Some of the great names of international rugby can be seen both playing and reminiscing in this hour long history of British and Irish Lions tours of New Zealand. 1930 Lion Harry Bowcott is the oldest player here, conceding his side were surprised by the toughness of the New Zealand style of rugby; tough like 1950 All Black captain Ron Elvidge, who came back on to crash through a tackle and score a try, despite a fractured sternum and stitches in his head. The documentary concludes with Gavin Hastings’ 1993 Lions team. It was made as a preview for the 2005 tour.
Documentary series Revolution mapped the social and economic changes in New Zealand society in the 1980s and early 1990s. This first episode focuses on NZ's radical transformation from a heavily regulated welfare state to a petri dish for free market ideology. It includes interviews with key political and business figures of the day, who reveal how the dire economic situation by the end of Robert Muldoon's reign made it relatively easy for Roger Douglas to implement extreme reform. Revolution won Best Factual Series at the 1997 Film and TV Awards.
After turning “Jeez Wayne” into a national catchphrase with their hit series A Week of It, comedy duo David McPhail and Jon Gadsby continued their TV dream run with the sketch comedy show McPhail and Gadsby. This 'Best of' from the Feltex Award-winning fifth season includes these highlights: 'pronouncing things proper with Jim Knox'; 'This Is Your Life with Robert Muldoon' (featuring McPhail’s infamous caricature of the then Prime Minister); Lynn Waldegrave’s popular impersonation of music show host Karyn Hay; and a Goodnight Kiwi take-off in 'Goodnight from the Beehive'.
This documentary chronicles a shameful passage in New Zealand race relations: the controversial mid-70s raids on the homes and workplaces of alleged Pacific Island overstayers. Director Damon Fepulea’i examines its origins in Pacific Island immigration during full employment in the 1960s, when a blind eye was turned to visa restrictions. As times got tougher, that policy changed to include random street checks by police, despite official denials. Resistance by activists and media coverage helped end a policy which has had a long term effect on the Pacific Island community.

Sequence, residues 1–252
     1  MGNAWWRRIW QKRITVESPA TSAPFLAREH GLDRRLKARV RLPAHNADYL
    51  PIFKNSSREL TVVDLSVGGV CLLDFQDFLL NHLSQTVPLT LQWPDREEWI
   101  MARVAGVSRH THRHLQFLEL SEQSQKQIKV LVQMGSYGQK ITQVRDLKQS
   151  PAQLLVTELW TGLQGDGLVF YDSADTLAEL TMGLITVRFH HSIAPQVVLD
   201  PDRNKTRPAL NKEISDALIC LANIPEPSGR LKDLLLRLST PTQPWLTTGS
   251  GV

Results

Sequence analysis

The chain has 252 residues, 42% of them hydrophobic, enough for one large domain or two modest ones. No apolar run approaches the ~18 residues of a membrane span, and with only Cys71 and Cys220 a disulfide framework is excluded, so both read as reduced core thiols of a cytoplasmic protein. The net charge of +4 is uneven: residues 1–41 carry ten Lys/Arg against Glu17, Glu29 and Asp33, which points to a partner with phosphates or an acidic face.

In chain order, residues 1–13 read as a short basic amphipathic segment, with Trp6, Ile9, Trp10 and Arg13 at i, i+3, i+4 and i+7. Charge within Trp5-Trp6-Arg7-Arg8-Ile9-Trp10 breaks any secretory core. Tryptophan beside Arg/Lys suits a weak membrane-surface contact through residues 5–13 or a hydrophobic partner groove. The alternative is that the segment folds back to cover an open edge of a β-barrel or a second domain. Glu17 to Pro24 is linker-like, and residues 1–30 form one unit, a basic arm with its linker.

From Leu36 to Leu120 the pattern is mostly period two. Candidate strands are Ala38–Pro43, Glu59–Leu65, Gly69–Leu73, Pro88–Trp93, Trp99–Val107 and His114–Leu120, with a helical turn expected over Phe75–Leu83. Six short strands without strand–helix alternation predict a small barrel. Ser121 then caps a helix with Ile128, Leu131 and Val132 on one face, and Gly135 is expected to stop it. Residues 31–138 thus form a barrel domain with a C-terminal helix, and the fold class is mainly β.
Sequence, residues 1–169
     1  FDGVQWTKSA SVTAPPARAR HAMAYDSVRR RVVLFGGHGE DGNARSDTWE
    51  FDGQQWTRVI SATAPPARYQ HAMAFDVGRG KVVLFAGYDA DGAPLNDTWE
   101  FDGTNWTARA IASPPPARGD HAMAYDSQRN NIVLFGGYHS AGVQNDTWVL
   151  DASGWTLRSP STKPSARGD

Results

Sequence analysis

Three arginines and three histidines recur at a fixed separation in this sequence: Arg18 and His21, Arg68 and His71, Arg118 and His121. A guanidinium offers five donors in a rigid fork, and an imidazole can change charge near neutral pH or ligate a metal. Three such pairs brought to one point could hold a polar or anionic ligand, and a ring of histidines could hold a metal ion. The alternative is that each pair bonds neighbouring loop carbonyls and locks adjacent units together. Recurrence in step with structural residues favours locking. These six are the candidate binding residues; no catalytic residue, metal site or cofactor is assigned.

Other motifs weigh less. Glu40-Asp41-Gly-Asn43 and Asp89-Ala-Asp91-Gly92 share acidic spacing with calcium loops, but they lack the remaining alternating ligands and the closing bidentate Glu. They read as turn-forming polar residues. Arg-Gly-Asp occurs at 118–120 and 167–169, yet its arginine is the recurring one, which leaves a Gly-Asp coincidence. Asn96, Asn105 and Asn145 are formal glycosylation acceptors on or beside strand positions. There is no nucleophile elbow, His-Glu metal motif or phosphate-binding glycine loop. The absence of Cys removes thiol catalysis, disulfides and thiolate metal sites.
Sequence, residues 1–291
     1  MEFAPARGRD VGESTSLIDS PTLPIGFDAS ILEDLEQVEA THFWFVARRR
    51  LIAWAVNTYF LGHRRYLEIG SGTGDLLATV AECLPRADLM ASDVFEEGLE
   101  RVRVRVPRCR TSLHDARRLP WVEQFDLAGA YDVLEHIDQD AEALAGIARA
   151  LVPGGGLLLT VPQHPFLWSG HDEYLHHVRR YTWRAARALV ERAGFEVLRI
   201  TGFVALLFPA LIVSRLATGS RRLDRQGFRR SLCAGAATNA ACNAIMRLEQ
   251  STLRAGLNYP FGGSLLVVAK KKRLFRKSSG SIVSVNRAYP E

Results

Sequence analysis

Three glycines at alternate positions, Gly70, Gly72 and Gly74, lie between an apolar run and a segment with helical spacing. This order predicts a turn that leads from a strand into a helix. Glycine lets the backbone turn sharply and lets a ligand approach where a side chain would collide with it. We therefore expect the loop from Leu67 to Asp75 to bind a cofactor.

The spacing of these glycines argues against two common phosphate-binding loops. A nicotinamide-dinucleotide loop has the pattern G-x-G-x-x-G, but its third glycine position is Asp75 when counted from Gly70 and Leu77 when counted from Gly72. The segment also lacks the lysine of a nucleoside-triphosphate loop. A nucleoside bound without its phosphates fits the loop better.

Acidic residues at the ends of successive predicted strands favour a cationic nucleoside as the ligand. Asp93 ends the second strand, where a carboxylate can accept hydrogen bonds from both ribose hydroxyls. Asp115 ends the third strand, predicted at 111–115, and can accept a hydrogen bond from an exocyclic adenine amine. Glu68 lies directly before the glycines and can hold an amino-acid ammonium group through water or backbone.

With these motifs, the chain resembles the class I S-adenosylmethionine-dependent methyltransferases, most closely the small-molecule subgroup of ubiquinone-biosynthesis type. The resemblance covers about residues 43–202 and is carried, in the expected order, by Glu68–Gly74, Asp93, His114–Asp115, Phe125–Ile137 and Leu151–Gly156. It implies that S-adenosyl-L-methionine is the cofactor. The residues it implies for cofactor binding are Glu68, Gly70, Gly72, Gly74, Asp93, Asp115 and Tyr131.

Like many other current affairs shows in the 70s, Tonight had a fairly brief existence, but it provided the forum for this infamous battle of wills between journalist Simon Walker and Prime Minister Robert Muldoon. It is May 1976, and Walker is daring to interrogate Muldoon about his claims of a Soviet naval presence in the Pacific, and New Zealand's vulnerability to Russian nuclear attack. Muldoon grows increasingly annoyed and bullish at being asked questions that are not on his sheet: "I will not have some smart alec interviewer changing the rules half way through."
This edition of Prime TV’s history of New Zealand television looks at 50 years of entertainment. The smorgasbord of music, comedy and variety shows ranges from 60s pop stars to Popstars, from the anarchy of Blerta to the anarchy of Telethon, from Radio with Pictures to Dancing with the Stars. Music television moves from C’mon and country, to punk and hip hop videos. Comedy follows the formative Fred Dagg and Billy T, through to Eating Media Lunch and 7 Days. A roll call of New Zealand entertainers muse on seeing Kiwis laugh, sing and shimmy on the small screen.
Poet, activist and soon-to-be Mayor of Waitemata, Tim Shadbolt explores the often-maligned art of graffiti in this 1981 special for documentary slot Contact. Shadbolt searches for wit and inspiraton from school desks and court holding cells, to the bathrooms of trendy restaurants. Some of these scribbled sentiments — like “Rob Muldoon before he robs you” — have passed into legend. The best material however, comes from a group of high school girls, encouraged by their right-on English teacher during a class of well-supervised rebellion: “castrate rapists — have a ball!”
In one of NZ politics’ more notorious episodes, PM Rob Muldoon, his slim majority in tatters, calls a snap election. Party president Sue Wood is beside him but he has already ignored her advice that the party isn’t ready for the polls. It was widely suggested that Muldoon was drunk (and reporter Rob Neale can’t resist a “high spirits” jibe) — or perhaps he believed his own invincibility — but it was the beginning of the end for an era he had dominated. The limousine looks quaint, but the National Party’s Macintosh is a pointer to the electioneering of the future.
This 2006 documentary is a portrait of one of New Zealand politics' most contradictory figures: unionist Ken Douglas. At the time of filming Douglas occupied numerous board positions (eg Air New Zealand, the NZ Rugby Football Union), but early on he was a truckie and Marxist. Rob Muldoon branded him 'Red Ken'. For 15 years until 1999 he led the Council of Trade Unions. Directed by Monique Oomen for Top Shelf Productions, the film is framed around interviews with Douglas and his colleagues, and asks whether he is a turncoat or a strategic realist moving with the times.
To mark 50 years of television in Aotearoa, TVNZ's Heartland channel picked gems from the archive, and surveyed local TV history decade by decade. Each episode in the series featured an interview with a Kiwi TV personality. In this interview from the 1980s slot, comedian David McPhail chats to Andrew Shaw. McPhail describes his involvement in what Shaw calls the "golden age of comedy" (A Week of It, McPhail and Gadsby). He touches on current affairs, screen chemistry, his famous impersonations of Prime Minister Rob Muldoon, and the catchphrase "Jeez Wayne".